What Is Vegan, part 2:
An update on vegetarianism and veganism. We’ll discuss the key difference between the diet and the lifestyle.
As stated in our previous post, this post is based on my (Sally) current knowledge of veganism and vegetarianism. I am still learning and I know that my beginning experiences are out of date and very brief. Please feel free to correct, add to what is said here, and add your individual take for others to learn from. The goal of this post is to begin a conversation to inform those who have a limited experience and interaction with those living this lifestyle.
Defining the terms vegetarian and vegan from Your Dictionary Online:
A vegetarian is someone who eats exclusively fruits, vegetables, grains and nuts and no meat or, in some cases, no animal products at all. (noun)
A person who believes eating animals is cruel and who thus eats no meat is an example of a vegetarian.
A vegan is a person who will not eat or use any type of animal product. (adjective)
A person who won’t eat meat, dairy or other animal products and who will not use leather or any other product derived from animals is an example of a vegan.
- The Vegan Society goes into more detail:
A vegan is someone who tries to live without exploiting animals, for the benefit of animals, people and the planet. Vegans eat a plant-based diet, with nothing coming from animals – no meat, milk, eggs or honey, for example. A vegan lifestyle also avoids leather, wool, silk and other animal products for clothing or any other purpose.
There are many who follow the vegetarian or vegan diet for health reasons. They may or may not share any of the ethical views of those following the lifestyle.
While there are many health benefits to eating either of these diets, those who follow the lifestyle do so for ethical reasons, not solely health reasons. The ethics range from not eating meat, vegetarianism, to not using anything that involves the use of animals, vegan.
There is debate within the vegan community on whether or not those living as vegetarians are really doing so for ethical reasons. This is because they still consume dairy and egg products as well as other goods where animals are involved. Those following the abolitionist approach believe in following the literal definition of veganism to the letter. In the end, it comes down to each persons personal beliefs, willingness to make lasting lifestyle changes, access to vegan alternatives, and where they are in the process of becoming vegan.
Some people who become vegan do so immediately. For example, they will go through everything in their home and either throw it out, send it to be recycled, or donate it.
Others make changes over time by slowly replacing aspects of their life with vegan alternatives. For example, instead of throwing out a wool coat, they may continue to use it until it is worn out. They will then purchase a non-wool coat to take its place. The same can be said for food and body care products. Instead of throwing them out, they will use them and replace them with vegan options when it is time to buy more.
*Vegan Info reminded me of a point that I neglected to mention. Those following the vegan lifestyle also avoid using any product that has been tested on animals.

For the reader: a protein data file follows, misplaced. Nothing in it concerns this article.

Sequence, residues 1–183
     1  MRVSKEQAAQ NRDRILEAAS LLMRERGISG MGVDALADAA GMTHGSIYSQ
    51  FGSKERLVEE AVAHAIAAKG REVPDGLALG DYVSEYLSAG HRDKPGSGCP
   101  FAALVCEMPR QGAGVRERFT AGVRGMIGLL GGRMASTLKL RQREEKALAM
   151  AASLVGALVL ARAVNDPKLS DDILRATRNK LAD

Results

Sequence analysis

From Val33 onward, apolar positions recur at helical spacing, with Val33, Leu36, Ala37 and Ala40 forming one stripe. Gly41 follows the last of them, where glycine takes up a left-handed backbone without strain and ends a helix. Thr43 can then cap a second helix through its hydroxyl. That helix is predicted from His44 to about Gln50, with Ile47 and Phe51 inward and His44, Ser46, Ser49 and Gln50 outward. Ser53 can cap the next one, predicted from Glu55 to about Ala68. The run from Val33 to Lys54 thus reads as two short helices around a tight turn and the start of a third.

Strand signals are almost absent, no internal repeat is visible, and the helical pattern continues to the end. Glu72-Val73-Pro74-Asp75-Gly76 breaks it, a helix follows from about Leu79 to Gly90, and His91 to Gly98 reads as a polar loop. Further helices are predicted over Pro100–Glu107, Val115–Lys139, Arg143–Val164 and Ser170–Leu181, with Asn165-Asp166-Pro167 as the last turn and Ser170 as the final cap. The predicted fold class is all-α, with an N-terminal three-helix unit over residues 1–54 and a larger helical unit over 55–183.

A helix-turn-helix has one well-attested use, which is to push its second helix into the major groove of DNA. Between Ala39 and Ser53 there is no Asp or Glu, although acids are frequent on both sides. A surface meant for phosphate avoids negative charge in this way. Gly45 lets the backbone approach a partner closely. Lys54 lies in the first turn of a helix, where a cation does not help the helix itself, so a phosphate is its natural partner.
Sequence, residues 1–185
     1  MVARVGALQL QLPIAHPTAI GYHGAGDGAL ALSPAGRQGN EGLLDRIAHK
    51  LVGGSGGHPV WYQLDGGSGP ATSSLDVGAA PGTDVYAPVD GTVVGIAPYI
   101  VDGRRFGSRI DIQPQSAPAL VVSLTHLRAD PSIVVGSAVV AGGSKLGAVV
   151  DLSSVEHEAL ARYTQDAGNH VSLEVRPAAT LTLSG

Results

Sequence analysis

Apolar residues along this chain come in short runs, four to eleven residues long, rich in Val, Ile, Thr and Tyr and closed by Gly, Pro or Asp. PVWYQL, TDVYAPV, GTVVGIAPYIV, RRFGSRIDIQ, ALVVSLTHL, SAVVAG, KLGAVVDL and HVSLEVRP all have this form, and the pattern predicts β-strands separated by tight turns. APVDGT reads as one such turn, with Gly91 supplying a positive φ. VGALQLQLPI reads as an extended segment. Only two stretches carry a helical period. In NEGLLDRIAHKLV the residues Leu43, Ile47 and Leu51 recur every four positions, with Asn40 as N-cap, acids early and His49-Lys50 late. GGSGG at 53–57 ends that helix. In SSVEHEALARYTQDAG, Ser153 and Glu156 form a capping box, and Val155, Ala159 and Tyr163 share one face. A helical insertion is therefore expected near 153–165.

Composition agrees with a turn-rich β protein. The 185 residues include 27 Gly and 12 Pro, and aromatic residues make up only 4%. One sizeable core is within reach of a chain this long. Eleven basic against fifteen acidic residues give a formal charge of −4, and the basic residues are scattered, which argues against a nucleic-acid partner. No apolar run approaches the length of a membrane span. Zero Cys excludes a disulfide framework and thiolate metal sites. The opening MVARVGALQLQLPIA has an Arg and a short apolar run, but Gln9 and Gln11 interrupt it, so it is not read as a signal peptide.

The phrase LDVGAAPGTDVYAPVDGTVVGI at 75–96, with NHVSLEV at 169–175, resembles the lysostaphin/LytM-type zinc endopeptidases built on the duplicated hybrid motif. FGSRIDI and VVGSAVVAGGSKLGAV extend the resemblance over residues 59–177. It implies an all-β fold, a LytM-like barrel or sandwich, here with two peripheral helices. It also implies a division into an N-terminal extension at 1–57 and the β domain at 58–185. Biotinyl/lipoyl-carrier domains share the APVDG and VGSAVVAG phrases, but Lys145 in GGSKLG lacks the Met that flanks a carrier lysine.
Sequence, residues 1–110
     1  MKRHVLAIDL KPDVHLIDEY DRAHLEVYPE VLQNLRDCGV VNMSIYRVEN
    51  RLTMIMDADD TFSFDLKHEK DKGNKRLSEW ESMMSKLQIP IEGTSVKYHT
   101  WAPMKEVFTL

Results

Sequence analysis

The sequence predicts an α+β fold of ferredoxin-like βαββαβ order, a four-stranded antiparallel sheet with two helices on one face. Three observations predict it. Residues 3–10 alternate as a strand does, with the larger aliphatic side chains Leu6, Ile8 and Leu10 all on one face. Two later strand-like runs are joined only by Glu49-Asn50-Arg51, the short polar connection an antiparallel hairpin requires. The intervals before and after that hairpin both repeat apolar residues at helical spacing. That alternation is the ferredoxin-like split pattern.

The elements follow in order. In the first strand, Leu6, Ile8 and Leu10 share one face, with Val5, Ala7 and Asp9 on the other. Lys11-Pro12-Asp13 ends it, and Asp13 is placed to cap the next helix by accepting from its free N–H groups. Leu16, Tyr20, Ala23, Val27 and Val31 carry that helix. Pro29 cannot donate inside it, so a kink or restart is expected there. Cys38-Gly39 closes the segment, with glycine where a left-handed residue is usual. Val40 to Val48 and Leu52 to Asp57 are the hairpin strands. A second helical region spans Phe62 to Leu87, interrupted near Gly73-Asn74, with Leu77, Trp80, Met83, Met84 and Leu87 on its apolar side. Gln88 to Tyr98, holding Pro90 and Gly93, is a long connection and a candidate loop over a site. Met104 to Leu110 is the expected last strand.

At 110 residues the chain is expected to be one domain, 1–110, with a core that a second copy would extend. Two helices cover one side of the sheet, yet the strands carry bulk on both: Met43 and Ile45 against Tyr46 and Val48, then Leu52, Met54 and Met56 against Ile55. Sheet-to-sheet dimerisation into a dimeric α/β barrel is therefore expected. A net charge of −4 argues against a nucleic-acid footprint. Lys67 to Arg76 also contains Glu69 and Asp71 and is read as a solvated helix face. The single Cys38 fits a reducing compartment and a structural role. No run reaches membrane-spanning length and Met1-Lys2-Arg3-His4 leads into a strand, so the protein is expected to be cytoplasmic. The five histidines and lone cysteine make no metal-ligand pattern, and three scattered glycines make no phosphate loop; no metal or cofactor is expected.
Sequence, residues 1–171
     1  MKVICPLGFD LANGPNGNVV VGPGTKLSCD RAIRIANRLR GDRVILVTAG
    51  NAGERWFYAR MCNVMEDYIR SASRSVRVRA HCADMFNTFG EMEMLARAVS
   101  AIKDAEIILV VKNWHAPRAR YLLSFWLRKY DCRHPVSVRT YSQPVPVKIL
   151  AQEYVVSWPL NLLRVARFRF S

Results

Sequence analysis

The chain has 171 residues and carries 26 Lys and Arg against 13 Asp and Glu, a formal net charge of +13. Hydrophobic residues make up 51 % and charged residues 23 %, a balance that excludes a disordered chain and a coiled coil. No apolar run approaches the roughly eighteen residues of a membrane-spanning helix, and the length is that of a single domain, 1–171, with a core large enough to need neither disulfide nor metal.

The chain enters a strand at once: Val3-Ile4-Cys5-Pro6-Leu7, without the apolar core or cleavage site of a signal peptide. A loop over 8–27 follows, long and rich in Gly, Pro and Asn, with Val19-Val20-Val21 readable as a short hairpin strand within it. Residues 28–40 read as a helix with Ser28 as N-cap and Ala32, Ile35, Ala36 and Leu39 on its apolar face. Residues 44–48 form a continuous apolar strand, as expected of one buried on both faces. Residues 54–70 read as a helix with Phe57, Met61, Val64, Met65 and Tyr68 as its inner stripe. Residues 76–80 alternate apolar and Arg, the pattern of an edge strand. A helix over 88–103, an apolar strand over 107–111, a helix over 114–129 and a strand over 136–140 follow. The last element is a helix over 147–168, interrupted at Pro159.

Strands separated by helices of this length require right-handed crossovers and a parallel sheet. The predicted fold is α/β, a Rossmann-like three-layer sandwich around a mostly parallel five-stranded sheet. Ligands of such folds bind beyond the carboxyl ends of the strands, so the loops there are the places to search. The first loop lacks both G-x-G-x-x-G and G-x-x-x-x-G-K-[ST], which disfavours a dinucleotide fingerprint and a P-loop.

Are you a Vegetarian? A Vegan?
Are you following the Vegan diet or the Vegan lifestyle? What does your everyday life look like compared to the average omnivore? What would you like every omnivore to know about vegetarianism and/or veganism?
Let us know!!!
[blockquote]Comments from Vegan Maven, the vegan lifestyle:
A “vegan” is a person who does not consume or use ANY animal products either for eating or for other aspects of their lifestyle. This obviously includes all of the above listed animal-derived items AND anything else that comes from an animal (i.e. when we say “animal” we are including all sentient beings so think of all farmyard creatures, wild animals, mammals, fish and other sea creatures, birds, insects, and so on). This means that you won’t see a true vegan using ANY meat or dairy products, eggs, leather, fur, honey, silk, wool, etc.
Furthermore, as vegans we are completely opposed to any form of animal exploitation, which would include things like zoos, pet breeding, animals in sport, animals used in stage shows, and so on. These institutions were created purely for human convenience or entertainment and deny the rights of the animal to a free life.
The original definition of the term “vegan” dates back to 1951 when the early vegans met, as members of the Vegan Society, to agree on a definition for the word ‘veganism’ for the first time. They agreed that, “The word veganism shall mean the doctrine that man should live without exploiting animals.”
True vegans today uphold that original definition and, therefore, to call oneself “vegan,” one has to actively refuse to partake in any activities where there is ANY exploitation against non-human animals. Anyone who advocates or excuses the exploitation of animals cannot be, by (original) definition, vegan. [/blockquote]
[blockquote]Comments from Tom, the vegan diet:
I don’t eat animal based proteins for about 2 years now. I started this eating choice after several years on a low-carb Atkins diet, eating every animal protein I could stuff in my mouth. A very interesting observation is that when on the Atkins diet, I craved carbs. I wanted bread, candy, fruits, anything with carbs. I lived like this for years, gradually slipping off the diet and regaining weight. In contrast, the vegan diet has caused me no cravings. I’m completely satisfied by plant-based foods. I did miss cheese a little, but for me the key is to have an open mind and realize that something doesn’t have to taste just like milk or cheese to be enjoyable. I enjoy some soy milk occasionally and I really like almond milk. But, trying to imitate diary foods accurately, just isn’t necessary. [/blockquote]